The following op-ed was published in the Park Record this week.
Patient stories were front and center during the campaign to legalize medical cannabis, but it seems that amid the political machinations and modifications that have followed, these stories have receded from public view.
In some sense, that’s understandable — after all, as a result of the Prop 2 campaign, Utahns became extremely well versed in these stories. They were shared widely across social media, repeated by traditional media, and talked about in countless workplace and dinner table conversations. The public “gets it,” and that’s why support for medical cannabis has been so strong.
But as regulators move forward implementing Utah’s new law in anticipation of having product available for purchase next Spring, it’s imperative that such stories remain at the forefront of our collective consciousness so that we remember that medical freedom for Utahns is what this has always been about — not political power plays, voter initiatives versus the Legislature, or self-satisfaction regarding regulations.
That’s why Libertas Institute and the Utah Patients Coalition together shared the story of Marie Nielsen last week, in a video released on Facebook. This story matters because it shows why we can’t wait.
We can’t wait because, for example, Marie’s firstborn child Clayton died from seizures several years ago. Who knows, she wondered on camera, what things might have been like for him had medical cannabis been an option at the time? How many people have needlessly suffered because of decades of criminalization and stigmatizing of a helpful medical option?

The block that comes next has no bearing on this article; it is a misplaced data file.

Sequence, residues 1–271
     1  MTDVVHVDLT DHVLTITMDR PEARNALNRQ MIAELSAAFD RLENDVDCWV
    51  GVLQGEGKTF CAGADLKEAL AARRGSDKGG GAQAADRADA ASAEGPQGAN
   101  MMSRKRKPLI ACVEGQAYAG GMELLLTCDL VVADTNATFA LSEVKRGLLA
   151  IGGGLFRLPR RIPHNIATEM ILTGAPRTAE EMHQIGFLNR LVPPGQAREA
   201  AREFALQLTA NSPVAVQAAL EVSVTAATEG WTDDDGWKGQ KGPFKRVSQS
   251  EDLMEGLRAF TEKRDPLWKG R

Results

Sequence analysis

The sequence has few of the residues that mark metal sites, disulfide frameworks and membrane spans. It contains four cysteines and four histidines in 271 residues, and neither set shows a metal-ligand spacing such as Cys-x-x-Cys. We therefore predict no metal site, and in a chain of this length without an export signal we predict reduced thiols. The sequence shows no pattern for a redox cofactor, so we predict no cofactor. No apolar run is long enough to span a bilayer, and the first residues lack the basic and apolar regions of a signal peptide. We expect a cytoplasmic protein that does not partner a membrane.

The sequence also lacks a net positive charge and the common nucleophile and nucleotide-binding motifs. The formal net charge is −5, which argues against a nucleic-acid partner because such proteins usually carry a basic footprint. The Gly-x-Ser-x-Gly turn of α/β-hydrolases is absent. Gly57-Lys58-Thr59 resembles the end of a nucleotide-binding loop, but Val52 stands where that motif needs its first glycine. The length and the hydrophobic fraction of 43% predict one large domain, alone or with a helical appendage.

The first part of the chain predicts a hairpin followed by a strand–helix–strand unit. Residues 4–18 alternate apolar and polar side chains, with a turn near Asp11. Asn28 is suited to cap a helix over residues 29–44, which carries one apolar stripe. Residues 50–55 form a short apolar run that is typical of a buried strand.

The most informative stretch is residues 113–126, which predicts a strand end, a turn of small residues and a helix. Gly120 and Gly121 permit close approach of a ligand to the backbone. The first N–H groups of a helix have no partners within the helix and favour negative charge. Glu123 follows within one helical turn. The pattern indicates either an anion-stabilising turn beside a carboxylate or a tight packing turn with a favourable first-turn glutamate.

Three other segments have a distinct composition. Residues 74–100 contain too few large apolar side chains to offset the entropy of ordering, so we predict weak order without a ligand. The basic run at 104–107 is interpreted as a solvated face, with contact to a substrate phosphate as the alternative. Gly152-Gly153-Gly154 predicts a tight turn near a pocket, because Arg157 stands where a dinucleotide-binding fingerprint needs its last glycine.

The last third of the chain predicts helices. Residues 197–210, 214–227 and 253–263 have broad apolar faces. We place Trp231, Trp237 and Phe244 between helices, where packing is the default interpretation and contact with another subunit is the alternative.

Marie and her husband have had several more children, and in each case were nervous that the genetic condition their son suffered from would befall another child. Four subsequent children avoided it, but eventually the condition came back in little Gracelyn.
Now three years old, this young girl has debilitating seizures that prevent her body from functioning like other children her age. She cries in pain, with lengthy episodes that incapacitate her.
As is the case for many with seizures, CBD wasn’t enough; a THC-rich medical cannabis treatment was needed—but it was illegal. Gracelyn’s doctors have supported the use of medical cannabis, but prior to Prop 2’s passage, Marie was justifiably terrified about the potential consequences of breaking the law. It’s a difficult decision as to whether to use it anyway, and risk having the government try to take your child away, or instead let the child unnecessarily suffer.
Eventually the opportunity to provide this option was available, and the treatment worked immediately; the seizures subsidized, as did the pain. Little Gracelyn cracked a smile and slept—two outcomes that any stressed parent of a medically frail child longs for.
Medical cannabis has proven to be a healing balm to Marie’s family, providing an opportunity to help Gracelyn cope with her condition and improve her quality of life. It’s a blessing, one that she’s thankful is finally legal.
I sat in the room while Marie shared her powerful story, at once heartbreaking and hopeful. Hers is a powerful example of why this political effort has been so important and resonated so strongly with the compassionate public.
Not everyone is so fortunate, of course; cannabis is not a cure-all. But so many patients are at their wits end with a plethora of pharmaceuticals not only not working, but causing damaging side effects. In many cases, cannabis has been a last resort after failing other options. In many cases, it should instead be an option of first resort.
We’ve made significant strides on this issue in Utah — something many thought not possible when the effort first began. That’s a testament to so many patients like Marie being willing to publicly share their suffering and simply ask for freedom to try.
The Utah Medical Cannabis Act is in effect right now. Even though product won’t be available to purchase in Utah for several more months, legal protections currently exist for patients with qualifying conditions who have a doctor’s support and cannabis in one of the many approved forms.
So many patients now have relief, and soon will have the option to obtain their medicine more locally. And while the political machinations will no doubt continue, stories such as this remind us of the ongoing need to ensure safe, legal, and affordable access for those who need this option. Truth be told, the future is looking far brighter for medical cannabis users than it ever has before.